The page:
UK business leaders are far less concerned about the risk of a material cyber attack on their organisation than they were this time last year, according to data compiled by Proofpoint, which suggests a growing sense of alignment between security leaders and boardrooms.
In a study published last week, Cybersecurity: The 2023 board perspective report, Proofpoint revealed that 44% of UK board members felt their organisation was at risk, compared with 76% in the 2022 edition.
But although this may be read as a positive sign that chief information security officers (CISOs) and boards are working closer together and making progress towards addressing cyber risk factors, the newfound alignment between the two has not yet delivered significant change, even though boards feel good about the time and resources they are investing, said Proofpoint executive vice-president of cyber security strategy, Ryan Kalember.
“Our findings show that it remains a challenge to translate increased awareness into effective cyber security strategies that protect people and data,” he said. “Growing even stronger board-CISO relationships – particularly in the UK, where our data shows the need for significant improvement in this area – will be instrumental in the months ahead, so directors and security leaders can have more meaningful conversations and ensure they’re investing in the right priorities.”
And Proofpoint resident CISO for EMEA Andrew Rose said that even with this positive change, board members should still keep in mind that the risk of material cyber attacks remains acute, and the threat landscape will continue its rapid evolution come what may. As such, he said, establishing and nurturing strong partnerships between boards and CISOs was more critical than ever.
“This is certainly not a time to grow complacent,” said Rose. “Boards must continue to invest heavily in improving preparedness and organisational resilience. This means pushing for even deeper, more productive conversations with CISOs to ensure directors are making informed, strategic decisions that drive positive outcomes.”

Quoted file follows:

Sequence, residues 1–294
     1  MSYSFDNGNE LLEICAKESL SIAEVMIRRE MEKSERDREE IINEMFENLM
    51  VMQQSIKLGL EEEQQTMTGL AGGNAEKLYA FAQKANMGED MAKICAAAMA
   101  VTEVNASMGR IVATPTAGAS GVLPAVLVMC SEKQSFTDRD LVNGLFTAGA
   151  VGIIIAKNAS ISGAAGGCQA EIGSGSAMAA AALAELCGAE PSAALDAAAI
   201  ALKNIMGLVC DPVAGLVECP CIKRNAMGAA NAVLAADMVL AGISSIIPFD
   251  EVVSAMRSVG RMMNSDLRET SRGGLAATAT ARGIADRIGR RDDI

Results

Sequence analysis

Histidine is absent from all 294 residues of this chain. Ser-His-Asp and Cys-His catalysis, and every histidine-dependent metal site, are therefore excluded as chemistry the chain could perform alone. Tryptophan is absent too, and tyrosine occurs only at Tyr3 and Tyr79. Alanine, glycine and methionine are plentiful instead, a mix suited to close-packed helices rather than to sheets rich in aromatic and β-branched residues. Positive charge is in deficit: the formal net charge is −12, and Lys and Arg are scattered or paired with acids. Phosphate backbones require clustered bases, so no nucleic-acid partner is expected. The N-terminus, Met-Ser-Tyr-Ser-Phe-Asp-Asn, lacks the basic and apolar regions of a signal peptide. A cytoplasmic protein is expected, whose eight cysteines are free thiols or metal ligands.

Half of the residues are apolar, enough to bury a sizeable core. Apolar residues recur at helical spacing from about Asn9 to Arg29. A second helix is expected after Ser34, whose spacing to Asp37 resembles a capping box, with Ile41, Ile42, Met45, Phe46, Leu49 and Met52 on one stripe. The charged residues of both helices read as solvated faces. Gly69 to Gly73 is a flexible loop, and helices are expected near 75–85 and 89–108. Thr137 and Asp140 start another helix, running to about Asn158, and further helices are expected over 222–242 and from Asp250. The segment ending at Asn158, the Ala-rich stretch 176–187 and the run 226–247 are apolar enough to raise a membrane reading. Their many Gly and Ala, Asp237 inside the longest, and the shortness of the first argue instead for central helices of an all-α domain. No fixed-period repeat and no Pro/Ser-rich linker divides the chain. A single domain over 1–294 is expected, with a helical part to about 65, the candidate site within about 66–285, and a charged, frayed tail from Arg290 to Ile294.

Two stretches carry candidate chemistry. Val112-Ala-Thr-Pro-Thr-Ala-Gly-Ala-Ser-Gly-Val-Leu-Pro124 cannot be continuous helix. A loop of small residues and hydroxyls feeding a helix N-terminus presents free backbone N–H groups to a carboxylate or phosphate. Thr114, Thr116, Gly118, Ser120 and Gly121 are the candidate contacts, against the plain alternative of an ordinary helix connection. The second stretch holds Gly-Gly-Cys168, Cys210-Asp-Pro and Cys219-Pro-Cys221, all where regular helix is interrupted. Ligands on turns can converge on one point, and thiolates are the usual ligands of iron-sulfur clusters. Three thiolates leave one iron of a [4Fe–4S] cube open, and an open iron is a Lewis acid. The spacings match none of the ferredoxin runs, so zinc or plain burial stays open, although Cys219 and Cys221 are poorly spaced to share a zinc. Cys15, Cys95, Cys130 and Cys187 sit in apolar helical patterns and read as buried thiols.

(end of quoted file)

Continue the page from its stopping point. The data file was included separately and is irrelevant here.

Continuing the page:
Among some of the other UK-specific findings contained in the report that may still give cause for concern, Proofpoint found that improved security awareness and funding were still not translating into actual preparedness – 44% of board members viewed themselves as unprepared for cyber attacks, despite 66% planning to increase their budgets, 48% thinking they were adequately covered already, and 50% believing they clearly understood the risks they face.
Directors and CISOs also differ when it comes to the biggest threats they perceive, with boards ranking malware, cloud compromise and ransomware higher than CISOs who were more worried about email fraud and business email compromise (BEC), insider threat, and smishing or vishing.
Board members felt less strongly about the importance of human error, while CISOs tended to be more confident in their ability to protect valuable data.
Proofpoint said it was clear that boardroom-CISO interactions and relationships still needed significant improvement. Fewer than half of board members said they interacted with their security leaders yesterday, compared with more than half in 2022, and when they did interact face-to-face, only 39% of board members said they saw eye-to-eye with their CISO, compared with 74% of CISOs who shared that view.
Some of the UK findings also stand in stark contrast to the global picture, with 73% of respondents saying they felt at risk of a material cyber attack, up from 65% in 2022. The study looked at the attitudes of 659 board members at large organisations with headcounts of more than 5,000 across multiple industries. Besides the UK, the bulk of the respondents were drawn from Australia, Brazil, Canada, France, Germany, Italy, Japan, Mexico, Singapore, Spain and the US.
Commenting on the report’s findings, Emily Phelps, director of Cyware, a threat intelligence specialist, said: “Proofpoint’s report illustrates how important communication and collaboration are across all levels of an organisation. The rise in board awareness is a great first step to addressing cyber attacks; ultimately, we want to capitalise on the growing awareness so that enterprises can more quickly get to meaningful action that reduces risk.
“As the report notes, new technologies pose new security risks, and while new technologies can also aid in security defence, it’s more important to ensure the technologies CISOs and security teams adopt work well together,” said Phelps. “The more collaborative the tools are, the better organisations can address people, tech and data silos, making it easier to get the right information to the right people at the right time so organisations can take the right action with confidence.”